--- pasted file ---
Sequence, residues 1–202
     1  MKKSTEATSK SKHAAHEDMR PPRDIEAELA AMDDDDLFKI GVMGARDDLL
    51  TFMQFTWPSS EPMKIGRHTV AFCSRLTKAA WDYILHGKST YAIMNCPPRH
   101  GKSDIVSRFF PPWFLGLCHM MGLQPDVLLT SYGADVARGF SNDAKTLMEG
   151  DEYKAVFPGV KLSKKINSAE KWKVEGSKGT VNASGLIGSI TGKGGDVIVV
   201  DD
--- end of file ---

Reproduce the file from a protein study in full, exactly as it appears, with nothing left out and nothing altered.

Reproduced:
Sequence, residues 1–202
     1  MKKSTEATSK SKHAAHEDMR PPRDIEAELA AMDDDDLFKI GVMGARDDLL
    51  TFMQFTWPSS EPMKIGRHTV AFCSRLTKAA WDYILHGKST YAIMNCPPRH
   101  GKSDIVSRFF PPWFLGLCHM MGLQPDVLLT SYGADVARGF SNDAKTLMEG
   151  DEYKAVFPGV KLSKKINSAE KWKVEGSKGT VNASGLIGSI TGKGGDVIVV
   201  DD